SINGAPORE - The process of handing over town councils after an election will be given a fresh look, as part of an ongoing review of the Town Councils Act.
Senior Minister of State for National Development Desmond Lee revealed this in Parliament on Tuesday (Aug 16), as he registered concern about the Aljunied-Hougang Town Council (AHTC) making little progress in fixing its governance and financial lapses.
On the handover process, he said: "We understand that when boundaries change especially across political lines, delays in submission of accounts and documents may impact the financial audits of the receiving town council. So this is certainly something we need to look at in the course of this review (on the Town Councils Act)."
He did not give further details.
Mr Lee was addressing a supplementary question after responding to Mr Charles Chong (Punggol East), who had asked what the Ministry of National Development (MND) would do to better safeguard public monies and to recover any improper past payments made by AHTC.
The Workers' Party-run town council is undergoing an audit by accounting firm KPMG, which comes on the back of a special report by the Auditor-General's Office (AGO) in February last year that flagged significant lapses in finance and governance.
In its July progress report, KPMG - who was appointed by the AHTC to look into its books - said it found "pervasive" control failures in AHTC's accounts and processes over the past five years, spanning governance, financial control, financial reporting, procurement and records management.
Citing this, Mr Lee said that despite repeated assurances from Workers' Party (WP) leaders, AHTC had been dragging its feet in remedying its troubled accounts.
KPMG had said in the July report that AHTC had only completed a few of the remediation steps it had promised to take, he said. The accounting firm also estimated that its review would take 18 months, instead of the 15 months that AHTC had promised.
Mr Lee said: "Instead of completing the remediation plans expeditiously, what we have seen from the town council in this past one and a half years is a series of actions that have only slowed down, prolonged and frustrated the whole process."
He added that the MND was concerned about the "systemic control failures" highlighted by KPMG, including highly irregular shortcuts used by AHTC to process $60 million paid to related parties and suppliers over five years.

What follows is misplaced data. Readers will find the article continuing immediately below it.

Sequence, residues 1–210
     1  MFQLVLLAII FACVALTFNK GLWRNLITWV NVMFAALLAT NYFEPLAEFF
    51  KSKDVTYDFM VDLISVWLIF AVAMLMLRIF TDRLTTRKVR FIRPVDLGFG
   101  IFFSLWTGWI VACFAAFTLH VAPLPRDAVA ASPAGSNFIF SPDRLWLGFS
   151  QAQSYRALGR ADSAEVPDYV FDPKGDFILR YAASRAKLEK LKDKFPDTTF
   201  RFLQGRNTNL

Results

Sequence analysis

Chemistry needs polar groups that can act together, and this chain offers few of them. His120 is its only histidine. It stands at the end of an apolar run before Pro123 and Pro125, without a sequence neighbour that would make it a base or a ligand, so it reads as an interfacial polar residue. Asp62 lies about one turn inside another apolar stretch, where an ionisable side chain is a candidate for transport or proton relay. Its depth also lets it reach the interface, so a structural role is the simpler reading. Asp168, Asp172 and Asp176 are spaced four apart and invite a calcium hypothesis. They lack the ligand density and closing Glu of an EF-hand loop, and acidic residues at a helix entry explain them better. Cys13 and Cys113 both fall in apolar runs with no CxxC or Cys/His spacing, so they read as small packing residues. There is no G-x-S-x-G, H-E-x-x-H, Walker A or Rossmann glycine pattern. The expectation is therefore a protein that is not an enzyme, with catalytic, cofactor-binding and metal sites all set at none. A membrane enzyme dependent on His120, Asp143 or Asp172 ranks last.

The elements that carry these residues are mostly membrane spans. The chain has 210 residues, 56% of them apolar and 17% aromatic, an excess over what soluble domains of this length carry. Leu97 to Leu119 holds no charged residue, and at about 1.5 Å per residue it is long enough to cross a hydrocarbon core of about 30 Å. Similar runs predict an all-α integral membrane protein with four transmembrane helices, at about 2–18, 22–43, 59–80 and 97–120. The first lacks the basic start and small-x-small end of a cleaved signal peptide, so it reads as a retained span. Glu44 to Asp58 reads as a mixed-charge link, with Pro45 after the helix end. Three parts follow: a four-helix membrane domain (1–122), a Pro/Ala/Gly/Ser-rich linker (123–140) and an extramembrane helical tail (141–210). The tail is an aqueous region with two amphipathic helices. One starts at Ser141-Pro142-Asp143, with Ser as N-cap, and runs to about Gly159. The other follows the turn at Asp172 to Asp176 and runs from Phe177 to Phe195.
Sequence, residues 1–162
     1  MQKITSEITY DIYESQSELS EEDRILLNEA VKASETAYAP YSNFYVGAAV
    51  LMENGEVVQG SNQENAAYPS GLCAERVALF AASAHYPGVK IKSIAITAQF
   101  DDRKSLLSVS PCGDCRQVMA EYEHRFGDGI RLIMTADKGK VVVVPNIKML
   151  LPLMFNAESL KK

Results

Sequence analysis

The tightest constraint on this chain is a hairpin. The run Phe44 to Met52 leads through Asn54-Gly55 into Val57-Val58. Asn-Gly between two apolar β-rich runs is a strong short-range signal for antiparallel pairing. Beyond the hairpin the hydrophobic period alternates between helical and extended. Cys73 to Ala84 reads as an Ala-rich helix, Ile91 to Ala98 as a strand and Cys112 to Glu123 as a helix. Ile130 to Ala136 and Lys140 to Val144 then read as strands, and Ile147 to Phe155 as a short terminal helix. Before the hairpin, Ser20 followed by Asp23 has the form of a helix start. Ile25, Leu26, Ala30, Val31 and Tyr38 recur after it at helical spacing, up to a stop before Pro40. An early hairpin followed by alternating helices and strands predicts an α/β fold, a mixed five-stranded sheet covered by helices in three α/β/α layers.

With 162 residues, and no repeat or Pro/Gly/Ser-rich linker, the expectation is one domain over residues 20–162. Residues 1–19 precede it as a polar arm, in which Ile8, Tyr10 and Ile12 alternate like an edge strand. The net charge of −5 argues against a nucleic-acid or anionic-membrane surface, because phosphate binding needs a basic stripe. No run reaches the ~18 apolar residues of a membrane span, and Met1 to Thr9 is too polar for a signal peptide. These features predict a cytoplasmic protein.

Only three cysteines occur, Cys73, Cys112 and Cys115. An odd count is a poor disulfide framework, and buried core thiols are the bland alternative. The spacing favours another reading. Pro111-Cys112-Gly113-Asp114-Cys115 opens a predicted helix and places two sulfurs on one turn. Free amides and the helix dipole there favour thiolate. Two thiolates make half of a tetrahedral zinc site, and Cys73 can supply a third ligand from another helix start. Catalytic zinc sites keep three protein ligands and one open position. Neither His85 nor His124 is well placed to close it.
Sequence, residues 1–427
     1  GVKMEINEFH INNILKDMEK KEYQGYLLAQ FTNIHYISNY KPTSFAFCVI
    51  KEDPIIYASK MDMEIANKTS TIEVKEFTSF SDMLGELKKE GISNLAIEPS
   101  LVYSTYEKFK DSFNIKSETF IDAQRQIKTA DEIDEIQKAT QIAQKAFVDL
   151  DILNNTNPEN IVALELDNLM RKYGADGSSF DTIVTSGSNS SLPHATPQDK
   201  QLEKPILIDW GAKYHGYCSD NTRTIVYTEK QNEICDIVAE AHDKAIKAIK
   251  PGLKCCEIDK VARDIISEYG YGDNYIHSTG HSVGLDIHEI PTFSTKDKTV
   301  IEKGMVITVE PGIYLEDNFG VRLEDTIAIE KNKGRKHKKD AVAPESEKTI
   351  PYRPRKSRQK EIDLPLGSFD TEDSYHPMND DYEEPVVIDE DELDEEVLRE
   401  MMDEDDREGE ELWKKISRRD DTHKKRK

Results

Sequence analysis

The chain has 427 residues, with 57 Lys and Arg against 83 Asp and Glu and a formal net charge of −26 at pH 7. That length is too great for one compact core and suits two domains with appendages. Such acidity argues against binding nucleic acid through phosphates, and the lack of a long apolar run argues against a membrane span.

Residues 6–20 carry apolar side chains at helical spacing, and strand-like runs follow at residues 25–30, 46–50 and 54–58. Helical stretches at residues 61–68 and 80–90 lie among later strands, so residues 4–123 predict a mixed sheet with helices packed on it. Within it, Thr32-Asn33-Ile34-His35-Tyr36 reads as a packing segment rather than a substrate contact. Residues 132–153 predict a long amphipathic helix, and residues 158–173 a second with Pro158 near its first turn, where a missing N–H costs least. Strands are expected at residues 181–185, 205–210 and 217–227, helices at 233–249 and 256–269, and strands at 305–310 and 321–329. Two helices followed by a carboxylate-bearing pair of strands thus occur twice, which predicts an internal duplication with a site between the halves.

"These control failures continue to paint a serious state of affairs in AHTC and are a cause for concern," he said, adding that these failures could conceal duplicate, fictitious or fraudulent payments, which could have been made without being detected.
In a supplementary question, Ms Sylvia Lim (Aljunied GRC), who was the chairman of the WP town council until last year, asked Mr Lee if the MND knew of other town councils that also had control failures.
"Now, we appreciate all this attention on us and how bad we are, but in order for us to get a proper perspective is MND saying that the auditors of the other town councils have not picked up control failures in the other town councils?" she said.
"Would MND be prepared to share the findings regarding the other town councils with us or with the public so that we can better benchmark ourselves and perhaps adopt some of the best practices that may be available in the other town councils?"
Mr Lee said he had no doubt that other town councils too would make mistakes from time to time and that these too would be picked up in the annual town council audits.
He added that the issues at AHTC were of a different scale and pointed out that the town council's accounts had never been given a clean bill of health by its own accountants in the past four financial years.
He called on AHTC to cooperate fully with KPMG in reviewing past payments made. The findings on this are due at the end of August.
"This matter has dragged on for many years, with multiple court hearings and not much actual progress made. For four financial years consecutively, AHTC has not had accounts that had passed accountant's muster", he said.
"Residents of Aljunied, Hougang and also Punggol East, need to be assured as to whether or not there were any improper past payments that ought to be recovered. The Singaporean public also needs to know as large sums of public monies and grants are at stake."